Corporate Transparency and Register Reform
- In May this year the Government (BEIS together with Companies House) opened a consultation into Corporate Transparency and Register Reform, as part of the continuing drive to increase the transparency of UK corporate entities and to help combat the risk of fraud and the misuse of information. The aim is to reduce the risk of fraud and misuse of information, widening the information companies are required to disclose, increasing the checks on this information, and introducing measures to improve the exchange of intelligence between Companies House, law enforcement and HMRC. The consultation canvassed opinion about the following changes to the manner in which Companies House operates, specifically:
- Introducing verification checks and widening the information that companies are required to disclose;
- Introducing a power to check information; and
- Introducing measures to improve the exchange of information between Companies House, HMRC and other public bodies.
- The consultation closed in August. Although the lifetime of this parliament looks (on present information) short, the Queen’s Speech did set out that “Steps will be taken to provide certainty, stability and new opportunities for the financial services and legal sectors”, indicating that the changes to Companies House are still on the policy agenda.
Identification and Verification
- There is a persuasive case for introducing checks to verify the identities of individuals setting up, managing or controlling corporate entities. The concern is that the current register is too open to provision of false information, to false claims that individuals are company directors, and that UK corporate entities are being deployed by international criminal elements. The potential for abuse then undermines the reputation of, and trust in, the register. Identity checks aim to ensure that only verified individuals are filing information on the register.
- In particular, identity verification would allow for checks to be run throughout the lifetime of a company. Such checks would also enable companies house better to link the records of people with multiple roles across different companies. The proposals are intended to bite on all individual Directors, Persons with Significant Control (PSCs) and presenters (persons connected with the company who file information about it on the register). If on incorporation, any of the prospective directors of a company are unable to verify their identity then Companies House will not incorporate the company. When individuals seek appointment as a director of an existing company, the government proposes to amend the law to make the appointment conditional on them being able to verify their identity. To support these proposals, the government intends to make it an offence for a registered company to appoint a person whose identity has not been verified.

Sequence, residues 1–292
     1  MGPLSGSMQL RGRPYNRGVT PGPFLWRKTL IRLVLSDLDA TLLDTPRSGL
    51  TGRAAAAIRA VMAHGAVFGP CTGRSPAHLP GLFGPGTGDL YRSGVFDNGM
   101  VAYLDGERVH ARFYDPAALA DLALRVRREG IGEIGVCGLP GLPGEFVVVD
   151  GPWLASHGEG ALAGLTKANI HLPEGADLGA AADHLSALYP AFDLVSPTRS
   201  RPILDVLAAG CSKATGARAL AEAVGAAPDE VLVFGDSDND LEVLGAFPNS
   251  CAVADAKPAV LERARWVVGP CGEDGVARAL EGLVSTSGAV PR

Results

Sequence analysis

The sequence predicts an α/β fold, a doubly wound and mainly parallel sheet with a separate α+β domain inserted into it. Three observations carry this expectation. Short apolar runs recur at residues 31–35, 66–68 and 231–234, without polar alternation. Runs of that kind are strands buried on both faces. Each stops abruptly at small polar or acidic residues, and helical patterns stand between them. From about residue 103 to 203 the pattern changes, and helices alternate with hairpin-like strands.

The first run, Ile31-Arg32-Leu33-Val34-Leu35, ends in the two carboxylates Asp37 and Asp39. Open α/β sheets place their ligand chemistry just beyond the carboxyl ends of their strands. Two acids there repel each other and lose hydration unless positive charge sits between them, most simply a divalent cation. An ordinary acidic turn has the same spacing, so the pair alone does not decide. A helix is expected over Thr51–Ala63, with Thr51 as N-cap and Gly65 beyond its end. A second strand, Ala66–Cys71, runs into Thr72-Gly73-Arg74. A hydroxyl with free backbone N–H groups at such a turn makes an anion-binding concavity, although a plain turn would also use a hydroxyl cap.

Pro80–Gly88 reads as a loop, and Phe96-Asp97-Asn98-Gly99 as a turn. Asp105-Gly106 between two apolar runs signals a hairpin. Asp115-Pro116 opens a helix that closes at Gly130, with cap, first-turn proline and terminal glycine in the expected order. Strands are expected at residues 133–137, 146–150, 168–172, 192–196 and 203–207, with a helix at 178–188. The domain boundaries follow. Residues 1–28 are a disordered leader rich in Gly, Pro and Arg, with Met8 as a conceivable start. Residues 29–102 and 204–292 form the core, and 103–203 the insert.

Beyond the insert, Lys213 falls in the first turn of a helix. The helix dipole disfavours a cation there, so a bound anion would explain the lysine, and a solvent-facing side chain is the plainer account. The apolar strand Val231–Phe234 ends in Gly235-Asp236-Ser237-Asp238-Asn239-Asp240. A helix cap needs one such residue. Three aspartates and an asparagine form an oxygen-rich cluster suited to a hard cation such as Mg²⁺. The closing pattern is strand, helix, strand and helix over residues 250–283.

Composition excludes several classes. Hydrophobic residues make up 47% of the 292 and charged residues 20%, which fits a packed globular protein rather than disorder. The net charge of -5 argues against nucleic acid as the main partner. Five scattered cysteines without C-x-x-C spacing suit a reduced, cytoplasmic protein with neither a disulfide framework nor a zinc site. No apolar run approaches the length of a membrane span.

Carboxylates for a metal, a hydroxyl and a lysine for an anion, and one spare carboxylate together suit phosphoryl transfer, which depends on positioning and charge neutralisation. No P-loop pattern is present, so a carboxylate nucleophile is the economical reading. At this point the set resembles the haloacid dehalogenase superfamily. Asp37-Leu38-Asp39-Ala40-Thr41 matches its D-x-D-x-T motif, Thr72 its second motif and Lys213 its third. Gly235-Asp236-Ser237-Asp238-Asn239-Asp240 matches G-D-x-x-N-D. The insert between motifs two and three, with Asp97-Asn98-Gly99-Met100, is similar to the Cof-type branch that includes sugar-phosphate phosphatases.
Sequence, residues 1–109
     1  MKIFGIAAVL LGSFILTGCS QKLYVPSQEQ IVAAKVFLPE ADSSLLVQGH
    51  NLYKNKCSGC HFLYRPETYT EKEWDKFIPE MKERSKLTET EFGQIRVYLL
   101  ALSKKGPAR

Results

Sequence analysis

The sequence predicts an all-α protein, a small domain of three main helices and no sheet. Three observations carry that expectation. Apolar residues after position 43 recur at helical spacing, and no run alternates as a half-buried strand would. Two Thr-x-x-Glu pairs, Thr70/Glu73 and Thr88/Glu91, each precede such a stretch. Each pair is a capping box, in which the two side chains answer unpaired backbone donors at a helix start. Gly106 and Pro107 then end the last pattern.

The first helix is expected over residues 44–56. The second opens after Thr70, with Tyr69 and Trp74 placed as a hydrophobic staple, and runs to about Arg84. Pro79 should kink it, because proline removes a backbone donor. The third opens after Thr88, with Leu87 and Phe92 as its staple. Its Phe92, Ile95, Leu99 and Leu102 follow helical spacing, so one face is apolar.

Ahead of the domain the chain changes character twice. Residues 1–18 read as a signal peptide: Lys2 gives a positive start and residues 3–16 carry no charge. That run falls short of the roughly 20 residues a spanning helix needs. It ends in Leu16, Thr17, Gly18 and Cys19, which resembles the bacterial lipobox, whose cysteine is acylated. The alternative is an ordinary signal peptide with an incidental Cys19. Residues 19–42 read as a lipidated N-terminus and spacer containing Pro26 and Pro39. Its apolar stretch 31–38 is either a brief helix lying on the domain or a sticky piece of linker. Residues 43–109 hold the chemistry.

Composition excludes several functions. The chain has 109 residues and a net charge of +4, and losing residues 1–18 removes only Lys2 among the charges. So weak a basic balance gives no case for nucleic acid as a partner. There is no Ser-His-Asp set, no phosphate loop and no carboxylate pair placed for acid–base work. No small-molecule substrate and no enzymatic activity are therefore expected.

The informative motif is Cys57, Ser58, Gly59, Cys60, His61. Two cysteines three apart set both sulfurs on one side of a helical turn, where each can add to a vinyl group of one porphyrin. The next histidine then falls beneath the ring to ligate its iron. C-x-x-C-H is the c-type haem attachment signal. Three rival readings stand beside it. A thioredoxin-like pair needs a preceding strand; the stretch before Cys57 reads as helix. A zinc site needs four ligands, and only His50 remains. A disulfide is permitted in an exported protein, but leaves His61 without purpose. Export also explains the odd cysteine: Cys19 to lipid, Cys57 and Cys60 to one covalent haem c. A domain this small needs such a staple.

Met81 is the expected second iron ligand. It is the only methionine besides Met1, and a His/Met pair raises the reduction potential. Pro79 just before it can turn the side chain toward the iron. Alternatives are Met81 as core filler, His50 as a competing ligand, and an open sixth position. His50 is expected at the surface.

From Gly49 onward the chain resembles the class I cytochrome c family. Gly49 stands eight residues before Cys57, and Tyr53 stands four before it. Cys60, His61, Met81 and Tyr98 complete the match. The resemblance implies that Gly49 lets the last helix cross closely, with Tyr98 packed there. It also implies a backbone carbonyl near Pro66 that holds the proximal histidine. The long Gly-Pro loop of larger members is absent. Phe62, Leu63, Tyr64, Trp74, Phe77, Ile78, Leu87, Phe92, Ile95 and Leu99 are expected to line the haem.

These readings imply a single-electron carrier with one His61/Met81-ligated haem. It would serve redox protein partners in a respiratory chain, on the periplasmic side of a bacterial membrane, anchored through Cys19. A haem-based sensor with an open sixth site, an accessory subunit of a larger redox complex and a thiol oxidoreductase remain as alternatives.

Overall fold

- In relation to Presenters, the government is particularly concerned about the perceived ease with which company-specific credentials can be shared, and that therefore, Companies House often does not know who is filing information on behalf of a company. Identity verification of Presenters is intended to combat this. If a Presenter is unable to verify their identity, Companies House will not accept the filings and therefore they will be unable to file the information.
- The information provided for verification purposes would not be publicly accessible. Access would be restricted to Companies House officials, and could be extended to law enforcement agencies on a case-by-case basis.
- The government is also concerned about the lack of information currently required from shareholders. The information filed about the shareholders of a company is currently not sufficient to enable Companies House to show the companies owned (fully or in part) by an individual. The government would like to improve transparency by enabling third parties to be able to build as complete a picture as possible of a person’s trading history.
- The government is therefore proposing that a company will be required to collect information such as the shareholder’s name, usual residential address and date of birth or, for a corporate shareholder, the corporate or firm name and the registered or principal office.